Proliferation of mononucleated cells: Mononucleated cells were cultured in complete growth medium. Cells were maintained in Alpha Minimal Essential Medium (AMEM) with 10% heat-inactivated Newborn Calf Serum (NBCS) and 2% penicillin/streptomycin. The cells were counted every day using Trypan blue exclusion method for 30 days to observe the proliferation of the cells.

Differentiation of mononucleated cells into osteoclast cells: Cells were seeded at 1.0x105 cells mL-1 in 24 well plates for osteoclast differentiation assay. The respected culture medium was then supplemented with 50 ng mL-1 RANKL and 25 ng mL-1 M-CSF to induce cells` differentiation. The cultures were maintained at 37 °C in a fully humidified atmosphere of 5% CO2 in air. For control, the same cells were cultured with complete medium without supplementation of growth factors.

Differentiation of mononucleated cells into osteoblast cells: Cells were seeded at 1.0x105 cells mL-1 in 24 well plates for osteoblast differentiation assay. The culture in complete medium was then supplemented with 50 μg mL-1 ascorbic acid and 10 mM β-glycerophosphate to induce cells` differentiation into osteoblast. The cultures were maintained at 37 °C in a humidified 5% CO2 atmosphere. For control, the same cells were cultured with complete medium without supplementation of ascorbic acid and β-glycerophosphate.

Measurement of total protein concentration: Total protein concentration was measured at the same day ALP and TRAP were assayed. The cultures were washed once with complete growth medium followed by several times with PBS. The total cellular protein concentration was determined using Bradford protein assay reagent and the absorbance was measured at 595 nm.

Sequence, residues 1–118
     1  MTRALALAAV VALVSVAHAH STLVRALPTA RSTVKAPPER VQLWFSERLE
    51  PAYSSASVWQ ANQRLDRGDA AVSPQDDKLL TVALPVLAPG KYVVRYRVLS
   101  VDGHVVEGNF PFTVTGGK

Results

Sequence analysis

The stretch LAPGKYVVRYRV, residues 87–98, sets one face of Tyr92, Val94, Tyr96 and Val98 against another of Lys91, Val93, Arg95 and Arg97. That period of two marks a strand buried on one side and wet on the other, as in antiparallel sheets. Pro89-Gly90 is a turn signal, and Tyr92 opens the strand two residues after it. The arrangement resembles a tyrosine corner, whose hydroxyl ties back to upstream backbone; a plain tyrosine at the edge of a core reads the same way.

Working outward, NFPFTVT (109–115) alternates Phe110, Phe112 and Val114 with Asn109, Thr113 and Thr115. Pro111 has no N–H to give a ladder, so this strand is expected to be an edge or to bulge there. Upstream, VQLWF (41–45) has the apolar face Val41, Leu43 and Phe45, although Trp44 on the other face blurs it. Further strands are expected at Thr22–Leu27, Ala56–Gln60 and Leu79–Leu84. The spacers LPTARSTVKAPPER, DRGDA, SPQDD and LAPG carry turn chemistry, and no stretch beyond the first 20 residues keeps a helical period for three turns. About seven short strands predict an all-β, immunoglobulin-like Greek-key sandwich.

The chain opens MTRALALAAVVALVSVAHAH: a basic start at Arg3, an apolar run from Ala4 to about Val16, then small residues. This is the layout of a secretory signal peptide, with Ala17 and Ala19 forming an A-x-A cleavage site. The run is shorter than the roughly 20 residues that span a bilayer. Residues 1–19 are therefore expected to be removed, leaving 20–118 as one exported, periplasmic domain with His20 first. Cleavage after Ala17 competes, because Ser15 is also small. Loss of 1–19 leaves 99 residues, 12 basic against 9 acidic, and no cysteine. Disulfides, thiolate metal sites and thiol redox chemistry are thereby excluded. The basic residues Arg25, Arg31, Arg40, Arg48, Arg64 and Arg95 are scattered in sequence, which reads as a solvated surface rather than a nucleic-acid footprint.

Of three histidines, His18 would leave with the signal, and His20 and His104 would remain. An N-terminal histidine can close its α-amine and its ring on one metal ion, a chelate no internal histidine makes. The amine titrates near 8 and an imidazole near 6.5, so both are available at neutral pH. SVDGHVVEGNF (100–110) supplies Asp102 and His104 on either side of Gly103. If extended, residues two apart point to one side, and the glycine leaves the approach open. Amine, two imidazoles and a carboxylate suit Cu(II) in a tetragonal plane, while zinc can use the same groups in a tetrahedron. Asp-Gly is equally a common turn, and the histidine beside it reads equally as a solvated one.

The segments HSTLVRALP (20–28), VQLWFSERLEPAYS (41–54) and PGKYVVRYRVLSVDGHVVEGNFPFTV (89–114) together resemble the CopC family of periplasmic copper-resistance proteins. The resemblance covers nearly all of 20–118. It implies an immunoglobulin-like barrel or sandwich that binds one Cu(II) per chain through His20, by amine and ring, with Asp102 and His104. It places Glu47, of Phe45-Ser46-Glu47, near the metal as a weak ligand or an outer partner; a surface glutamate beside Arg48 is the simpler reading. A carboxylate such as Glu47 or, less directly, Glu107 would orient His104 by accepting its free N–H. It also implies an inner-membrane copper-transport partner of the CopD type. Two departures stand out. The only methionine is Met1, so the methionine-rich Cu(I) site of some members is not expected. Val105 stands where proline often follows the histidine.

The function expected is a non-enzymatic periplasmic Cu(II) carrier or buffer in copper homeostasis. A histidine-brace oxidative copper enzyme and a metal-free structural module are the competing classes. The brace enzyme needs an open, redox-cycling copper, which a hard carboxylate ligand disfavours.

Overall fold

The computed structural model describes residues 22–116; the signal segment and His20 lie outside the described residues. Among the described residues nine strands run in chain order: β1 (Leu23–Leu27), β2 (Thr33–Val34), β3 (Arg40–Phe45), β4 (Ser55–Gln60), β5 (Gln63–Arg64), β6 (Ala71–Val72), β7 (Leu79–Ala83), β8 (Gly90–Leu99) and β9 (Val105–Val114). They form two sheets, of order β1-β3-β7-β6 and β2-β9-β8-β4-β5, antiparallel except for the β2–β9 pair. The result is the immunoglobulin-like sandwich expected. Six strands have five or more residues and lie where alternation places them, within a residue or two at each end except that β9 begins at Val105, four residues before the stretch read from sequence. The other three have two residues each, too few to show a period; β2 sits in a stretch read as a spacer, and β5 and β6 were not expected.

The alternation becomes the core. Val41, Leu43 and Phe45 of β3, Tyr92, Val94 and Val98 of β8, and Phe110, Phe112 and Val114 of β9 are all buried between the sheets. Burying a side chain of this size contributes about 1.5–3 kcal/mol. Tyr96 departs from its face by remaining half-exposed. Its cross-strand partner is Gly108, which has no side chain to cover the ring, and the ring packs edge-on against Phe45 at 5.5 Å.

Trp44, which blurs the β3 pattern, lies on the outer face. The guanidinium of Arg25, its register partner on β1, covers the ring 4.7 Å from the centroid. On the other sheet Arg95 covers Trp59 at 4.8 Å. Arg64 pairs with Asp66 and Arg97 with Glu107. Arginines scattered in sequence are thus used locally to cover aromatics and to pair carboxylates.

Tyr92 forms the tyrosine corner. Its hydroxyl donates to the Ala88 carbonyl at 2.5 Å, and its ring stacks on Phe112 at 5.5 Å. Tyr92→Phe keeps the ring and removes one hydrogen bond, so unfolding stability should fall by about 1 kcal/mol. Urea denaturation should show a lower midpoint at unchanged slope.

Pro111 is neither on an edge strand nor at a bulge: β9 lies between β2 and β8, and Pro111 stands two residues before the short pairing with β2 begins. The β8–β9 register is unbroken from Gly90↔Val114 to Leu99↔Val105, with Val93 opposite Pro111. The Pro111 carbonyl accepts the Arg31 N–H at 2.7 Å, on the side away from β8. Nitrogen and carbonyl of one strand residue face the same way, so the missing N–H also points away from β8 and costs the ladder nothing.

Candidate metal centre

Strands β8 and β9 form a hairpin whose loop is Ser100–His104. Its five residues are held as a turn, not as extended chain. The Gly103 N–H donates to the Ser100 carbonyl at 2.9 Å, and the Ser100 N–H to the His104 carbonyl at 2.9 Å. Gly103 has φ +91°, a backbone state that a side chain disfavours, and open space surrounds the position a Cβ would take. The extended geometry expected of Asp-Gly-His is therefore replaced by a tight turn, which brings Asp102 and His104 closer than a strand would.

Tartrate resistant acid phosphatase (TRAP) assay: The cells were washed with PBS and 50 μL sodium acetate buffer (50 mM, pH 5.5) containing Triton X-100 (0.1% v/v) prior to TRAP assay. The cultures were then centrifuged at 800 g for 5 min. Supernatant was discarded and 500 μL PBS was added to each tube and stored at -20 °C until subjected to determination of TRAP activity. The cell extracts were collected and centrifuged after thawing. TRAP activity was assayed in the supernatant of the extracts.

TRAP enzyme activity in the cell extracts was assayed using p-nitrophenylphosphate (pNPP) as substrate in an incubation medium (500 μL) containing the following: 10 mM pNPP, 0.1 M Na-acetate (pH 5.8), 0.15 M KCl, 0.1% (v/v) Triton X-100, 10 mM Na-tartrate, 1 mM ascorbic acid and 0.1 mM FeCl3. The p-nitrophenol will be liberated into p-nitrophenylate after 1 h of incubation at 37 °C and by the addition of 500 μL of 0.3 M NaOH. The absorbance was immediately taken at 405 nm using a spectrophotometer. A TRAP activity was represented as specific activity. One unit of TRAP activity is represented by hydrolyzes of 1 μM pNPP per minute at 37 °C. The specific activity was determined by unit activity per total protein content (mg).